As I write this, it’s been more than two weeks since I’ve had either diet cola or fried chicken. This may not seem especially noteworthy to you, but as I typically consumed about a gallon of soda a day, and ate fried chicken at least five days out of every week, it’s pretty huge. I miss both a bit, but I don’t crave them. Go figure. Instead I’ve been eating more vegetables, fish, and shellfish. All of these changes have been making me look more closely at upcoming EATING AUTHORS installments, including this week’s guest, Yoon Ha Lee‘s meal, and asking myself “hey, can I even eat that now?”
Speaking of Yoon, you should recall his name from his many incredible short stories, which have garnered him multiple nominations for the Sturgeon award, the Locus award, and the WSFA Small Press award. More recently, his first novel Ninefox Gambit — the first volume of his Machineries of Empire series — has been nominated for the Nebula.
There’s an intelligence to his writing, a sense of order that likely either reflects his background in mathematics — he has a Masters in secondary mathematics education from Stanford — or goes back even further and stems from the same source that led him to pursue a mathematics degree at Cornell.
Yoon Ha Lee and I have never met, but I’m hoping to correct that in May during the Nebula Conference, preferably over a fine meal. I hope he likes seafood.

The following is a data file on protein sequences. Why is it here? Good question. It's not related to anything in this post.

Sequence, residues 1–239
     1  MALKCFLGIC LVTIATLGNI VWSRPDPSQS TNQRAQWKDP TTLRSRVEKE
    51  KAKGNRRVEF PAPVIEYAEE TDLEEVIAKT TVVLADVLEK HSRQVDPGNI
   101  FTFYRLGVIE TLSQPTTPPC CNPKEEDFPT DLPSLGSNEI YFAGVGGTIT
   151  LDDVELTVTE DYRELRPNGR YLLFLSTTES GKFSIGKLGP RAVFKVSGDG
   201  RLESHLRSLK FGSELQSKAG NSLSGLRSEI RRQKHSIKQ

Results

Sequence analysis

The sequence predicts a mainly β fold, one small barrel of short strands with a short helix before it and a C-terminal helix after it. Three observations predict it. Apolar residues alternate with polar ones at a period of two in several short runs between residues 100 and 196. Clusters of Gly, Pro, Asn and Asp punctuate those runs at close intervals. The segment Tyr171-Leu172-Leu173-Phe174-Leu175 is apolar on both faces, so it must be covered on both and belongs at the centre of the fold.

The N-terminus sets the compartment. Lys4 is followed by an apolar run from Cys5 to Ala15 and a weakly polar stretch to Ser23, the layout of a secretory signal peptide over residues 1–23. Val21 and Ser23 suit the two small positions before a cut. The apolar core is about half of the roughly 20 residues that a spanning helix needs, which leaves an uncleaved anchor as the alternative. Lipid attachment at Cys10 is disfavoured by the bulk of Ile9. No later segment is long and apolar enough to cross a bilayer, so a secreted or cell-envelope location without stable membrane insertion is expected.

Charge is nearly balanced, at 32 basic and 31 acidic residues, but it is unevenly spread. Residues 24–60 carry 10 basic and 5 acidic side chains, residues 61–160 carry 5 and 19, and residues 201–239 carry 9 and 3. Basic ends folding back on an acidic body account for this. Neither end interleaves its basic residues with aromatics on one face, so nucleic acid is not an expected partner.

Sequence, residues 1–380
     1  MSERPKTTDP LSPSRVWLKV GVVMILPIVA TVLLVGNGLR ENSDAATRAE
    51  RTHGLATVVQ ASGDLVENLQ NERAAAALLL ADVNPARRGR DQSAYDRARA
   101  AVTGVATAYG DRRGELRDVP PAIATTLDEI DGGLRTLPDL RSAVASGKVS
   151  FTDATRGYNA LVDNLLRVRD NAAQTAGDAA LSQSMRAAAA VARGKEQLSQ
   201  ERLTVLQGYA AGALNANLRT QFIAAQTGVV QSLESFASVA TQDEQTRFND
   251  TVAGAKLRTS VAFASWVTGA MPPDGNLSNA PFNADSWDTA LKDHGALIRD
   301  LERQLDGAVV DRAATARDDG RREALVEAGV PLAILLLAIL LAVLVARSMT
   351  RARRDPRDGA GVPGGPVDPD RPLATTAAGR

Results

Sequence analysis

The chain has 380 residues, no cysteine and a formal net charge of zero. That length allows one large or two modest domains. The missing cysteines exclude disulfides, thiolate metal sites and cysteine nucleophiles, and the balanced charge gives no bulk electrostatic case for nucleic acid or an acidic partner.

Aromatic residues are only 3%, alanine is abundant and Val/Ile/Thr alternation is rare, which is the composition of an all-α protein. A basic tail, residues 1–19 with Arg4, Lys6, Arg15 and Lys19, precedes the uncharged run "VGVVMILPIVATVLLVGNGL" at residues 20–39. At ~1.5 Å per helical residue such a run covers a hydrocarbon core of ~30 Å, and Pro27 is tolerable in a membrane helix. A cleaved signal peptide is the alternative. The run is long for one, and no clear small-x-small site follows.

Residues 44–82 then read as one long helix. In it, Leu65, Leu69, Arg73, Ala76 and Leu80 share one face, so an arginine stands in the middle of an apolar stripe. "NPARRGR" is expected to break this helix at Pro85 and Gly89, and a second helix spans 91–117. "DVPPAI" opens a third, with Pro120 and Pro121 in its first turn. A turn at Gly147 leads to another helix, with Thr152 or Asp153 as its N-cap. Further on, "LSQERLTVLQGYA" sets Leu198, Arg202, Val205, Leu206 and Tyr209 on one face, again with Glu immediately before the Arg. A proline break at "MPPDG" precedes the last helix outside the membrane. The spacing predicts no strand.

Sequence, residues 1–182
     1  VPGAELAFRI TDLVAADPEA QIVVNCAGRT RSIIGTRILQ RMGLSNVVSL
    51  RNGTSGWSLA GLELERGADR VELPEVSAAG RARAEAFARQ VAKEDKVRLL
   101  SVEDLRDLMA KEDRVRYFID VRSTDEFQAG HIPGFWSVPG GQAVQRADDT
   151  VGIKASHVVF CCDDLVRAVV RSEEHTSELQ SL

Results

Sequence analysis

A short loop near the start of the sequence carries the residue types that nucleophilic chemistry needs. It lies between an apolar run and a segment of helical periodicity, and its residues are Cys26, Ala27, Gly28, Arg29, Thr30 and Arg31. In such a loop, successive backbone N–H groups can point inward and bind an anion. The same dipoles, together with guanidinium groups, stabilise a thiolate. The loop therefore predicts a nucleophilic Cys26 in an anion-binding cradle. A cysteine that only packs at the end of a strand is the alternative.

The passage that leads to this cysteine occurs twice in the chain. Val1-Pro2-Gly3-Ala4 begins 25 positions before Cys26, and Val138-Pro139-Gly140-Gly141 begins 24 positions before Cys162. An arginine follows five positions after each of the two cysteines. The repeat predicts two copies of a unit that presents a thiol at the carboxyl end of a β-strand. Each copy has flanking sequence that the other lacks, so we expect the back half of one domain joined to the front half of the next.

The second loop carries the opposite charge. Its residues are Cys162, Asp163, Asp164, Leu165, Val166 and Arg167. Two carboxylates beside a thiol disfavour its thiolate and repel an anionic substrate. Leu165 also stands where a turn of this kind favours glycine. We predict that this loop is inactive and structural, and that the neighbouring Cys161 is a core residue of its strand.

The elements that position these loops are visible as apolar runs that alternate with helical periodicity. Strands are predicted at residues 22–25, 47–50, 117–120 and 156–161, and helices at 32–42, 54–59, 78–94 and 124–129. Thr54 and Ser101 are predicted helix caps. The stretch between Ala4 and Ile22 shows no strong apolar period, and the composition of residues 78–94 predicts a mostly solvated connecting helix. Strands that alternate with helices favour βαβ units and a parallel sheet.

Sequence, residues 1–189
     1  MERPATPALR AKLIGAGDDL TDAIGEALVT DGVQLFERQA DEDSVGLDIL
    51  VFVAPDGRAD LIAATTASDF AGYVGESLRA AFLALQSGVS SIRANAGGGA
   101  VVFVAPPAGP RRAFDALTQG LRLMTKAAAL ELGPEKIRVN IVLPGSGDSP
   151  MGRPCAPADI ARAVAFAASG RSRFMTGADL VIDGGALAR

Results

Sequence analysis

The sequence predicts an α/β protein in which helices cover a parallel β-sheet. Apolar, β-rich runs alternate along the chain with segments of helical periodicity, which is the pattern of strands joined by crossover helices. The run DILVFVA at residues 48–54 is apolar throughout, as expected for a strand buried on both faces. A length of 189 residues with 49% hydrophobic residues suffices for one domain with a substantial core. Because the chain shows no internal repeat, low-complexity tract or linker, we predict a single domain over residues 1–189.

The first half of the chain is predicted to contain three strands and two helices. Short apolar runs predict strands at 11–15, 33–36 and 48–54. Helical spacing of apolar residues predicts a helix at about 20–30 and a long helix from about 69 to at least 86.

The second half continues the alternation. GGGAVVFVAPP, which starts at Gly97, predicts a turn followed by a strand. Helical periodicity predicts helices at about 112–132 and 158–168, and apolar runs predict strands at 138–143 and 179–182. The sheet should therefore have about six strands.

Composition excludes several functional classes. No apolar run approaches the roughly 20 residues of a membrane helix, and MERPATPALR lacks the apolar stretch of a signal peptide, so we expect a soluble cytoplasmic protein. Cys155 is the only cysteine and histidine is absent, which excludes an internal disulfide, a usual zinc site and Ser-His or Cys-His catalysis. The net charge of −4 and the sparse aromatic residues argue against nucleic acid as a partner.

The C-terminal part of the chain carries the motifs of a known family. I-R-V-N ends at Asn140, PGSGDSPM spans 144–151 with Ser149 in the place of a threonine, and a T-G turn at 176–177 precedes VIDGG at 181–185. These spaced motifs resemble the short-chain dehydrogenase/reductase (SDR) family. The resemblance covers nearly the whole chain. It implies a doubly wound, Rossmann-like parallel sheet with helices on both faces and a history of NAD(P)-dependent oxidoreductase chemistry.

LMS: Welcome, Yoon. Please tell me about the best meal you’ve ever had.
YHL: The best meal I remember having wasn’t for any particular special occasion. This was maybe two and a half decades ago when I was a teenager living in Seoul with my family. One day my dad decided to take me and my sister and our mom all to a restaurant he’d found or used to frequent, I forget which. It was located downtown near one of the universities, tiny little hole in the wall place, nothing to look at, a little dingy even. But oh, the food.
There was only one thing on the menu at that restaurant, and yet the restaurant was packed full. And the thing on the menu was mandu–dumplings, specifically boiled dumplings, filled with some kind of pork mixture.
Once we sat down to eat I understood why the place was full. They were the best, most delicious dumplings I had ever eaten (sorry, Mom! My mom’s are second-best), with shells thinner than paper, delicate, absolutely incredible. Even today I still remember the shock of how good those dumplings were.
Unfortunately, I can’t tell you what became of that restaurant — my sister and my dad went back to look for it years later, and it wasn’t there anymore, nor did anyone in the neighborhood know what had become of it. I hope they’re not gone and they just moved somewhere else and are still serving amazing dumplings, even if I am unlikely to be able to track them down.
Thanks, Yoon. I wish you recalled the name of the place. I’d add it to my growing list of incredible yet vanished restaurants. There’s a story there, I’m sure of it.
Next Monday: Another author and another meal!
Tags: Eating Authors